Insurers are used to difficult and changing risks, and managing those risks is key to how they make their money - however, IAG’s Bryce Davies says insurers need to have a solid grasp of how the sector’s risk appetite affects those who are most vulnerable, particularly as that number will inevitably increase over time.
When it comes to risks associated with climate change, Davies says insurers will inevitably have to withdraw certain benefits and inclusions, and potentially withdraw from insuring some risks altogether. However, he says the sector still has a responsibility to consider how risks can be managed sustainably - and to keep in mind the consequences New Zealanders will face if they are not.
“As insurers, we are effectively a shock absorber that sits between our environment and our economy,” Davies commented. “But as our risks change, so will our response.”
“We will think carefully about our appetite and how much climate risk we want to take on, what type, and where,” he explained.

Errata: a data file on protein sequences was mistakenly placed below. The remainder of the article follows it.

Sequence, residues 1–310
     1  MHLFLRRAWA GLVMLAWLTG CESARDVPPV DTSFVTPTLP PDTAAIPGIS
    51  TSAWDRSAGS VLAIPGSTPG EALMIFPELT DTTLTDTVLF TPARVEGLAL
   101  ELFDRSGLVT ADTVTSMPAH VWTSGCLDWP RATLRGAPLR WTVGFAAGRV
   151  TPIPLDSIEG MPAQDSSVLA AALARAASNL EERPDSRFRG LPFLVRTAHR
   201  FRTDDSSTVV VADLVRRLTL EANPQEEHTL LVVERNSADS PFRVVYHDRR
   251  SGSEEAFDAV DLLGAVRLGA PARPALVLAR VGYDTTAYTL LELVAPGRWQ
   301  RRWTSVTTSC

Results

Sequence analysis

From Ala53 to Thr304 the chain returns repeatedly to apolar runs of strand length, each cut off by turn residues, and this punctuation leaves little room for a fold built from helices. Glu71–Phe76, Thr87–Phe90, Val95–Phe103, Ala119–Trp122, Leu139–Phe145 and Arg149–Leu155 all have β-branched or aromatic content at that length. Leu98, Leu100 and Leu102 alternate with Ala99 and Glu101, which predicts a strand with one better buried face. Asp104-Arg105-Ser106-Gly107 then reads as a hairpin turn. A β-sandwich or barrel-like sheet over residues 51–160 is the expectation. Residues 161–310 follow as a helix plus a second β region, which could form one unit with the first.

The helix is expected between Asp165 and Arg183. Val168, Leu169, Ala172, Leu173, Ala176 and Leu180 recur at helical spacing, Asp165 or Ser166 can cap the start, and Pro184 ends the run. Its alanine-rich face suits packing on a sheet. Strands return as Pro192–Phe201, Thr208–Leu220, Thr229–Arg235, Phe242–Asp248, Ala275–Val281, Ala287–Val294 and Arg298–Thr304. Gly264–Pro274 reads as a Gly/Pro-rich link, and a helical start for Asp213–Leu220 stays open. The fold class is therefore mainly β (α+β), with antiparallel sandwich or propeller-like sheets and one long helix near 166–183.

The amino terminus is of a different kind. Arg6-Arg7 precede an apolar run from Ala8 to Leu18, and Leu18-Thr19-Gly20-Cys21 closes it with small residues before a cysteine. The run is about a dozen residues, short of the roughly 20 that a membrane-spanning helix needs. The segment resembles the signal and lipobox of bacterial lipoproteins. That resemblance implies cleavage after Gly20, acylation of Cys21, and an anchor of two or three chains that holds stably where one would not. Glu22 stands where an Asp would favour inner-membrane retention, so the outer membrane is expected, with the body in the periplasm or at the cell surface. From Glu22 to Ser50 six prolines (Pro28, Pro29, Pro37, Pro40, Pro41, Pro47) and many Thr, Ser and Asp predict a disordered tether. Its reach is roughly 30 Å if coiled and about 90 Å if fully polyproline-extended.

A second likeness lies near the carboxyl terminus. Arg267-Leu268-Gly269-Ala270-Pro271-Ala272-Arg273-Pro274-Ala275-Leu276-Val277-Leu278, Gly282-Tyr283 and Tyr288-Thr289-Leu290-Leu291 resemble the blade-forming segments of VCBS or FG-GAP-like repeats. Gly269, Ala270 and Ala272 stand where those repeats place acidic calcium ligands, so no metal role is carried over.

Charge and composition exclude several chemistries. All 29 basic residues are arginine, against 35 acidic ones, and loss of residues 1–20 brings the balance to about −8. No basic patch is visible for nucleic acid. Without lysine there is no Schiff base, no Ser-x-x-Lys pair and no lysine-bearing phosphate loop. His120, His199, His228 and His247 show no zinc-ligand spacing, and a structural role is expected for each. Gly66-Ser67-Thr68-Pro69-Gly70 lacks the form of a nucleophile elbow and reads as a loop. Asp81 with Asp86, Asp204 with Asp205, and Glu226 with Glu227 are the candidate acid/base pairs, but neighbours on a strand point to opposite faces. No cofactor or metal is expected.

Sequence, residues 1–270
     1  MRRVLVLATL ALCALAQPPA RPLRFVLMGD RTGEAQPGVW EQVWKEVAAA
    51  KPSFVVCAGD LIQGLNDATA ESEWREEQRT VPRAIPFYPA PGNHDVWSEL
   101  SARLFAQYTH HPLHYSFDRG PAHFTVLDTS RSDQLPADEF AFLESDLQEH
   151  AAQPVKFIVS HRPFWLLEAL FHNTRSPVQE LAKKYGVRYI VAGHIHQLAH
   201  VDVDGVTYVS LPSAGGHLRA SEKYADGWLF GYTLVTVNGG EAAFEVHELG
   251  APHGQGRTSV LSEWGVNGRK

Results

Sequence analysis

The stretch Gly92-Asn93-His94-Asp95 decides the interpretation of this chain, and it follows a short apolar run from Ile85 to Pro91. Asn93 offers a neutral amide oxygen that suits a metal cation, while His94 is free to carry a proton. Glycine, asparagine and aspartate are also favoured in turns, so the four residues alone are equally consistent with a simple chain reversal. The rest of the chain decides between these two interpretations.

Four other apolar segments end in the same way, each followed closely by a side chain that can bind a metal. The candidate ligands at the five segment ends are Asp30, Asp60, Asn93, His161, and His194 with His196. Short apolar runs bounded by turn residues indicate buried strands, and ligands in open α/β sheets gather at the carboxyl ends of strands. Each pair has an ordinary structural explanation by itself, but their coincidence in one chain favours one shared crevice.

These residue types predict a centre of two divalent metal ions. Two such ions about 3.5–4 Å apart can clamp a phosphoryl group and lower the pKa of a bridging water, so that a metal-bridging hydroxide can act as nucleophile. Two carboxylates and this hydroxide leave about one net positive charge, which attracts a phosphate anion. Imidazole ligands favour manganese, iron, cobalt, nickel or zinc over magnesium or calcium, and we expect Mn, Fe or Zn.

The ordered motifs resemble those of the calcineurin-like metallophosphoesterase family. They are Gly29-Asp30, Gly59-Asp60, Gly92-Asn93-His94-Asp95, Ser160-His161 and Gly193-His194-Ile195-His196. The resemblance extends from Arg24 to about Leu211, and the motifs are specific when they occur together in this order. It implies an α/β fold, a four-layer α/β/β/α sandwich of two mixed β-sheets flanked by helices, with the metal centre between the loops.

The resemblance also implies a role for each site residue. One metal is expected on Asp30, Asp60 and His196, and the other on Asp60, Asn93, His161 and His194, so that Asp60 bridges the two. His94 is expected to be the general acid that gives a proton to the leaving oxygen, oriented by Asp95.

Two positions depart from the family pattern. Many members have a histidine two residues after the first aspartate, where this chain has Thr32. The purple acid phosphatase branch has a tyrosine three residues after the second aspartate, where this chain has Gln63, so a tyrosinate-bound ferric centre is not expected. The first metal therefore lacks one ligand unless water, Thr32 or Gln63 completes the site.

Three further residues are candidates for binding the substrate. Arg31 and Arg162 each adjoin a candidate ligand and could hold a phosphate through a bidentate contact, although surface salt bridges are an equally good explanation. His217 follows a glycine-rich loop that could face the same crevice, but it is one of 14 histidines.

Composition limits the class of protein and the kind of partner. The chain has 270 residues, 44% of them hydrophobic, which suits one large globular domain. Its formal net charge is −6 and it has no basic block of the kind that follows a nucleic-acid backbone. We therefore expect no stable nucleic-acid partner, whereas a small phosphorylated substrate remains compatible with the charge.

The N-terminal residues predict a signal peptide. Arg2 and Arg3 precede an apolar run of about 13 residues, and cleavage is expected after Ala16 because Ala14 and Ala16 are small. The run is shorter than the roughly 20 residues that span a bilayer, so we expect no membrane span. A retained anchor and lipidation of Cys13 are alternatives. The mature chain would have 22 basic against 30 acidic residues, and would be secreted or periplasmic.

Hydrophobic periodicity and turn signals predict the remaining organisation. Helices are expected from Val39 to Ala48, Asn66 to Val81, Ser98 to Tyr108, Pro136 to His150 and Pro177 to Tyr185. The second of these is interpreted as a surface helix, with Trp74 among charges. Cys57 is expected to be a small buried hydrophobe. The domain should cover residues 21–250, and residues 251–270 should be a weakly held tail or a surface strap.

“But we all know how it works - with growing risks come more claims and higher premiums, higher excesses, and we’ll be more selective about what we insure. In time we may remove certain benefits, change the basis on which we insure, exclude certain risks - and for the worst cases, not offer cover at all.
“These are the natural and longstanding insurance responses, and they ensure we can continue supporting the prosperity and wellbeing of our country without endangering our ability to attract capital, secure reinsurance or pay claims.”
Davies says that the divide between fully understanding a risk and enabling recovery will continue to be a challenge for insurers, and one that they’ll need to navigate with increasing care.
“To insure our customers, we need to understand their risks, but in understanding their risks we may not be able to insure them fully, affordably, or perhaps at all,” he said.
Read next: IAG reveals climate change impact
“This is the tension that will increasingly exist between our role as a signaller of risk and an enabler of recovery.”
“The greatest challenge will lie not just in the decisions that we will make as insurers, but how we make those decisions and ensure that our response is fair to everyone,” he added. “We have to understand our customers, their needs and the challenges they face, and we need to have regard for the consequences that will come about for those who are less able to cope.”